The epistle of the Rebbe is dated 24 Nissan 5725 (i.e. 26 April 1965). Evidently, no time was to be lost in responding to Wiesel’s article.
How does this epistle, written by an man of renowned orthodoxy, manage to step around the flagrantly heretical petition that buttons the article: ‘We are deserving of another kind of atheism, of another brand of apikorsim’? Actually, it does not step around it. It walks straight into it. When we recall that the Talmudic term apikoros may signify either the ancient Epicurean philosophy that makes pleasure the highest ethical category, or the freedom to take something that is ownerless (hephker), the suggestiveness of the term would seem to find its most disarming problematization at the beginning of the Rebbe’s commentary. Cutting right to the marrow of this atheism’s life-blood, the Rebbe exposes the simple contradiction in terms that arises from the association of such an Epicurean philosophy with an attitude of actual protest.
You write how, initially, you considered the assault of the doleful-celebrated (or tragic-comic) ‘rabbi’ against the Master of the universe as an expression of protest (against the lack of justice in the world). I concur that this is merely a bit of rhetoric, for, as you certainly know, someone who has become convinced of something during a seminar for some movement, the entire philosophy of which is tantamount to the contrary of fighting and rebelling and the intention of which is merely to make life lighter and more comfortable, does not live up to such a level of protest.
To protest is to fight. Whom does this atheist fight—but inflatable dummies and scarecrows? When Nietzsche’s madman declares in the marketplace that ‘We have killed God—you and I,’ he is immediately stricken with self-reproach for his untimely words. The people in the marketplace, the very ‘atheists’ whose hands are still warm with the blood from the murder stare at the madman in dumb incognizance of their own crime. ‘I come too early,’ says the madman, ‘the monstrous event is still underway … the light from the stars requires time … This deed is ever more distant than the most distant star—and yet this is something they have done!’ Nietzsche’s madman thus seems to be both the first and the last man to fully grasp the blundering innanity motivating the ‘theocidal’ crime, and the cheap pessimism whereby the witless criminals afterwards kicked around the sand to cover up the evidence, above all from themselves, ‘as if nothing happened.’ For Nietzsche, the ‘murder of God’ at the epicentre of European civilization is an act of the weakest sort, a symptom of weariness with life, a chronic spiritual fatigue, a nihilism. Regarding sleepy atheists, the Rebbe wholly concurs with Nietzsche. The would-be protestor, like the pulpit-thumper from Detroit, resembles the heated football fan who quickly becomes agitated and red-faced in his living room, amid a storm of potato chips and beer, namely by way of an Epicurean bravado designed to dissemble his decided reluctance to step onto an actual playing field and play some ball. Such atheism is basically a spectatorial effort. Moreover, we must not assume that there is no difference in the spectatorship achieved by a Christian and the spectatorship achieved by a Jew, as if the destination ‘Atheism’ were the only thing that mattered, while the differences in the forms of pilgrimage were irrelevant. In the case of a Christian would-be ‘protestor,’ for example, the laziness and fatigue is comparatively difficult to diagnose as Christianity itself suffers from this condition in its essential aversion to ‘works,’ its preference for passion over action, beginning with Paul’s allergy to the ‘Law’ and reaching high noon with Luther’s sola fide doctrine. In the case of a Jewish would-be ‘protestor,’ by comparison, the diagnosis is fairly easy to establish because Judaism is all about works. It is well-known how the Rebbe’s motto was a paraphrase of the saying from Avot 1:17 by Rabbi Shimon ben Rabban Gamliel: ha-maase hu ha-ikar, ‘The deed is the key thing!’ Psychologically if not chronologically, the first symptom of Jewish ‘atheism’ is a general weariness with deeds, or in any case some correlative Epicurean decadence. When Rav Yehudah, speaking in Rav’s name, explains the true motives behind idolatry, and hence assimilation, for instance, he refers to the pleasure-principle’s favorite form of expression: ‘The Israelites knew well there is nothing actually there in idol-worship, and they engaged in idolatry only in order to give themselves free sexual license publicly.’ Idolatry is rooted in an Epicurean interest in jouissance. The same soil extends under the roots of Christianity, and hence of the Enlightenment, the Jewish offshoot of which, the Haskalah, eventually found in Auschwitz, not one more argument for its reasonable cause, but one more alibi for the laziness that is its red loam.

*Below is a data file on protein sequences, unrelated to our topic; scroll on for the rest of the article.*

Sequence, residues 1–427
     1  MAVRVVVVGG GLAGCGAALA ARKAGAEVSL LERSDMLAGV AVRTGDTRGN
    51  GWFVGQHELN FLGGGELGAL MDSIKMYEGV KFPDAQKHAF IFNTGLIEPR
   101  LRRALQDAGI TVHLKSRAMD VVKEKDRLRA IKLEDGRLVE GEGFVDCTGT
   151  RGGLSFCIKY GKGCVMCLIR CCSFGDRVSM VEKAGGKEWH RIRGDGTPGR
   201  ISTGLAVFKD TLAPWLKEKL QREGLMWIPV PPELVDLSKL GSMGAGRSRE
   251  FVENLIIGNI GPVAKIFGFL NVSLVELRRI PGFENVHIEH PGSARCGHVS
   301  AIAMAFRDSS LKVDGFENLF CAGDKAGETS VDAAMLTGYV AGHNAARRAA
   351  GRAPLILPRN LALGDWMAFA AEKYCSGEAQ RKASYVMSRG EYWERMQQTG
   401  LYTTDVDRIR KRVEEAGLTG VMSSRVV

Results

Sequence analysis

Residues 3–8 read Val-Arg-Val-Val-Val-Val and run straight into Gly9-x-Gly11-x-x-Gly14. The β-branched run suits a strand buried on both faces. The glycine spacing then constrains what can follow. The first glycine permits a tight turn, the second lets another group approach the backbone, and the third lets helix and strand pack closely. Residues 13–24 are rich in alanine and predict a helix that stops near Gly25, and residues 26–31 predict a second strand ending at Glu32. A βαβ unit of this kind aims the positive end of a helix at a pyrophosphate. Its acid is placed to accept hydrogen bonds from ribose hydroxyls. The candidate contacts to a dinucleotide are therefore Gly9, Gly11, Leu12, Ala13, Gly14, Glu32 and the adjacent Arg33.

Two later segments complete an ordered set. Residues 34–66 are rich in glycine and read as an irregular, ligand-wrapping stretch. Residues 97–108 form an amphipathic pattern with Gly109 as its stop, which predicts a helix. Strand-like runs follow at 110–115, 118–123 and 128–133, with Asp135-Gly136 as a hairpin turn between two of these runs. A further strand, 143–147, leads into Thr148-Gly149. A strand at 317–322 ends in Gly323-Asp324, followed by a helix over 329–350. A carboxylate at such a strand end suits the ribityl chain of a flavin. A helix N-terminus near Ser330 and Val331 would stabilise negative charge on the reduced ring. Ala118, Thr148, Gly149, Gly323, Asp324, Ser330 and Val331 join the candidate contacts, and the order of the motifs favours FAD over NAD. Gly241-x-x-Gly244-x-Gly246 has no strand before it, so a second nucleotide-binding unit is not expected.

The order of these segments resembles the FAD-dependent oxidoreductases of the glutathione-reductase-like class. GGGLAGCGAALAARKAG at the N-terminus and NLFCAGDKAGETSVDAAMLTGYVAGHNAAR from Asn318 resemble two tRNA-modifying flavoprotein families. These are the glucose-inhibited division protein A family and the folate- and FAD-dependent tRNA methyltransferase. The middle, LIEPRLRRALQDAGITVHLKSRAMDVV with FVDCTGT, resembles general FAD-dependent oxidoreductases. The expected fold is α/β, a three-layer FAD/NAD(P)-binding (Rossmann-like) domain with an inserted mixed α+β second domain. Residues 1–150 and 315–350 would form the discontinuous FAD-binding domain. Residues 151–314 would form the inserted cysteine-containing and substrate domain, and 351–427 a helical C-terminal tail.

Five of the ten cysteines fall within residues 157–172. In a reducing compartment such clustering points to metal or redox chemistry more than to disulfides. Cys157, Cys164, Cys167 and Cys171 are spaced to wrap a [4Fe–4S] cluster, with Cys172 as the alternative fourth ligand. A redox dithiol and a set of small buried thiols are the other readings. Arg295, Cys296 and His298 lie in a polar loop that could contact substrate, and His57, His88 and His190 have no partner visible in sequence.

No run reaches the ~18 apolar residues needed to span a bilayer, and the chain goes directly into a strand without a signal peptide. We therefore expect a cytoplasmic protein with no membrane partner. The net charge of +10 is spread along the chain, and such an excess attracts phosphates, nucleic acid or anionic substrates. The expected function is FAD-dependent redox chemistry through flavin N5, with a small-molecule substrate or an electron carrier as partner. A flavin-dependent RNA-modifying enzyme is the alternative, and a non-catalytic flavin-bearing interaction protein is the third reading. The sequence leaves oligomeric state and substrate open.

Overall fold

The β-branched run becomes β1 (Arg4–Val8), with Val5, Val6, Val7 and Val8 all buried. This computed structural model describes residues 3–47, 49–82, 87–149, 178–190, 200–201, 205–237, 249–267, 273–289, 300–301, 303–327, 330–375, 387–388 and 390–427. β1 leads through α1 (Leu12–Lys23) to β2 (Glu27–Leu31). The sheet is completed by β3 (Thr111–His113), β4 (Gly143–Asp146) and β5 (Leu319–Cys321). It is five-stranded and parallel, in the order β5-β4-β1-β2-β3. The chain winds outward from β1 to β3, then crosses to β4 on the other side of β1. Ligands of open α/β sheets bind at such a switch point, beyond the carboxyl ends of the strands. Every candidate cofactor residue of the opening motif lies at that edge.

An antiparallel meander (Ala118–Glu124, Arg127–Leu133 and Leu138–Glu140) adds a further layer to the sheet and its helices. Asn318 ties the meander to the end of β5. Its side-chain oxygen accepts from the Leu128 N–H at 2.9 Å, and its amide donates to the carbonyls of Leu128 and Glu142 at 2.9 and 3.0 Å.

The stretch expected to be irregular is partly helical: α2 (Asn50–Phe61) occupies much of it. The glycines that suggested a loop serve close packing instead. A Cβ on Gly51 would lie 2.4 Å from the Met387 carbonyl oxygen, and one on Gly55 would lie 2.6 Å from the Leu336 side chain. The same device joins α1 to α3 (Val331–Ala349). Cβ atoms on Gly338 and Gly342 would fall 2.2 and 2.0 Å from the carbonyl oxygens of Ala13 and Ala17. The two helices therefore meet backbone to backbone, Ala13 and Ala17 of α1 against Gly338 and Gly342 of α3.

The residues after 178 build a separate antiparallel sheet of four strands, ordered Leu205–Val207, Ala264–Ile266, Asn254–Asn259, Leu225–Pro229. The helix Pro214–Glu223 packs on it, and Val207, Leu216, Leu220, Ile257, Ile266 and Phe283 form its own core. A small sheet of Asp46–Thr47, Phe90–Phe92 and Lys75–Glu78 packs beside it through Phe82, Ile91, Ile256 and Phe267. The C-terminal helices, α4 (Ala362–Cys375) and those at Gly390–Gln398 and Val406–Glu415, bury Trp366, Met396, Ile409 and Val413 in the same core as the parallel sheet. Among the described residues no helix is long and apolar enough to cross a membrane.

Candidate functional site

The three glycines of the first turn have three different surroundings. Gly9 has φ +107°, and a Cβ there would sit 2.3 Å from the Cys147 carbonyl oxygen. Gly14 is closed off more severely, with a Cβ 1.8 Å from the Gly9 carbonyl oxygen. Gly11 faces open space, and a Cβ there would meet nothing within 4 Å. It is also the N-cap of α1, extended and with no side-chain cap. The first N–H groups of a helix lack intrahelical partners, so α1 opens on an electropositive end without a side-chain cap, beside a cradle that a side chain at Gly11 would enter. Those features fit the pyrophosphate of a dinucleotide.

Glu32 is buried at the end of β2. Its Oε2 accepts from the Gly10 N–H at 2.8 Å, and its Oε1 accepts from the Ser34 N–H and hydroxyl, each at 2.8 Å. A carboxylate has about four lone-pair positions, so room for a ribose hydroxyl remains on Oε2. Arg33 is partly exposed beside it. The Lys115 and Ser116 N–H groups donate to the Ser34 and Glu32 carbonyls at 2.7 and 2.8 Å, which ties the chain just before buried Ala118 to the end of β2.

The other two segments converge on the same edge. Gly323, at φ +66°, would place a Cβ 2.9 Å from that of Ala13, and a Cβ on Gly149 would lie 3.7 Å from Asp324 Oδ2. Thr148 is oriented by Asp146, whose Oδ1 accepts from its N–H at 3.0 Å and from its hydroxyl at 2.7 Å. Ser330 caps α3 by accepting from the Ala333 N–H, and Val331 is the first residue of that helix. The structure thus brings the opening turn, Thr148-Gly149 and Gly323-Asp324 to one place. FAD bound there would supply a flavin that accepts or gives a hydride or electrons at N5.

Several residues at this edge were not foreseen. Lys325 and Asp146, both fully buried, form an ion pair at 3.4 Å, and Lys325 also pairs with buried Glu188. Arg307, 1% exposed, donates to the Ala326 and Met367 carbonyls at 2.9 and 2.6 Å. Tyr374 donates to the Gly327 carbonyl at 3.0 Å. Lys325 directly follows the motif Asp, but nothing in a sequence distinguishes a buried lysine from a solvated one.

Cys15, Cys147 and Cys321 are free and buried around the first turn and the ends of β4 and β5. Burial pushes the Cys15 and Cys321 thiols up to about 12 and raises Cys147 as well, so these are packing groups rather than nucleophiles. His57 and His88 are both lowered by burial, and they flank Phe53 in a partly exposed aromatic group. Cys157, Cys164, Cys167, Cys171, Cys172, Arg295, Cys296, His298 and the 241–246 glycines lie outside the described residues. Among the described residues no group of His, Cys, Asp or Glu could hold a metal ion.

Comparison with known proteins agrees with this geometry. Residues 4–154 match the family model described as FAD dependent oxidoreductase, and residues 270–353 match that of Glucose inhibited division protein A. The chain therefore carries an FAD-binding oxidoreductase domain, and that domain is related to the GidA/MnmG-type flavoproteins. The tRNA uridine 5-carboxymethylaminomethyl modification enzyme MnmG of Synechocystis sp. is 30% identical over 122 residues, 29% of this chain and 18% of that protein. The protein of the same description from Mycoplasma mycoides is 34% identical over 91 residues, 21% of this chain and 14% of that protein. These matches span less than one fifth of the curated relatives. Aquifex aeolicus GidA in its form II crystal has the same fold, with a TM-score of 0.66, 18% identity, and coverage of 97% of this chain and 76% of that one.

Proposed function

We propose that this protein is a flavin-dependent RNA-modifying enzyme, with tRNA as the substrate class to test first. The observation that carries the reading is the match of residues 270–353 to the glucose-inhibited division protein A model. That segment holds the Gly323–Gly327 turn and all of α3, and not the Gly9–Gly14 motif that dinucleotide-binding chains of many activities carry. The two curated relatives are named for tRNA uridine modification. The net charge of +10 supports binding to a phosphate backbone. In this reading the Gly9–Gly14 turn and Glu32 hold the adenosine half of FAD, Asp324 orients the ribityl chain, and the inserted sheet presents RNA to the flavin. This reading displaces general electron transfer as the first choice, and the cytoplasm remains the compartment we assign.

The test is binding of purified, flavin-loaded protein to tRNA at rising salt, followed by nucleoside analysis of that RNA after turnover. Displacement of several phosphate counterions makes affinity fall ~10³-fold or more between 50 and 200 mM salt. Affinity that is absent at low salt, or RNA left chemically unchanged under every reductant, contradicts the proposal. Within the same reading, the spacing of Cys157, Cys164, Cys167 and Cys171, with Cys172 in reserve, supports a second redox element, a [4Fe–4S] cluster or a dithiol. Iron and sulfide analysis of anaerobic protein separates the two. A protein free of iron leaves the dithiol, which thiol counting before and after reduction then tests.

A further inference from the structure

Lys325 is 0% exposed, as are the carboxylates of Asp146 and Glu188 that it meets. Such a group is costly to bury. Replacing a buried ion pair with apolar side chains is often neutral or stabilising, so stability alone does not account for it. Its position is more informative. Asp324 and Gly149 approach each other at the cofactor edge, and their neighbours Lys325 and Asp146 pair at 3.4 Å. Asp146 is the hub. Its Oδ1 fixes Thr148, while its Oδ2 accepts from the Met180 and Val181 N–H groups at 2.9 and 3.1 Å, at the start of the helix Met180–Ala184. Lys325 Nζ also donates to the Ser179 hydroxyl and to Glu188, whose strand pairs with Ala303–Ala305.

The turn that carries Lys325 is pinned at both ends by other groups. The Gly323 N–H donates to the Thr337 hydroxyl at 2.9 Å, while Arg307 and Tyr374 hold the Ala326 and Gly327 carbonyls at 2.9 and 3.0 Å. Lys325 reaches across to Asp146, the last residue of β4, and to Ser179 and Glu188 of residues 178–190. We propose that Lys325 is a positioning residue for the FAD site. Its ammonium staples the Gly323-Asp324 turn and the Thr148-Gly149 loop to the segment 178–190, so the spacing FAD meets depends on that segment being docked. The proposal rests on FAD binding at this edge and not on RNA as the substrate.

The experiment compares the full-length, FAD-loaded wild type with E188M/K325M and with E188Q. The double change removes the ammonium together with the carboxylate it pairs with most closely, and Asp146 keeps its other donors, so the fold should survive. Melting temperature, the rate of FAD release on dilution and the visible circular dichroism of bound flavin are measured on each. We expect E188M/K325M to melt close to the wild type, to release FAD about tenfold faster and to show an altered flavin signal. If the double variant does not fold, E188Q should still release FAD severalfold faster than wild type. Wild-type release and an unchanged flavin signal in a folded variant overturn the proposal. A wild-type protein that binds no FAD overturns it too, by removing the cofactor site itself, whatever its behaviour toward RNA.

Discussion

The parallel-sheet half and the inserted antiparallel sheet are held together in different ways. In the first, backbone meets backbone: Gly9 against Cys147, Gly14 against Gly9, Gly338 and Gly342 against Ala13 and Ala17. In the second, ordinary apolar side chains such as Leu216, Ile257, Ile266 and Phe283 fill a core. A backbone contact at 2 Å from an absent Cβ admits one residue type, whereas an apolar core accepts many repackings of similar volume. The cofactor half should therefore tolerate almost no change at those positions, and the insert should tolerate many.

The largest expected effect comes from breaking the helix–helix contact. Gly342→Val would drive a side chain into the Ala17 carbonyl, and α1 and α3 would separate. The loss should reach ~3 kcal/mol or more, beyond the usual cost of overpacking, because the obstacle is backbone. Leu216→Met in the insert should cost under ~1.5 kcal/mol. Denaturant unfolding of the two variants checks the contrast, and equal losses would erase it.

In an epistle of 5727 (1967), the Rebbe writes: ‘… everyone who would justify his or her ‘insurrection’ against the Master of the Worlds (may the Merciful One save us!) because of the Shoah and so on has no basis or logic or reason for this.’ Lacking basis, logic or reason, in other words, it is nothing but a justification.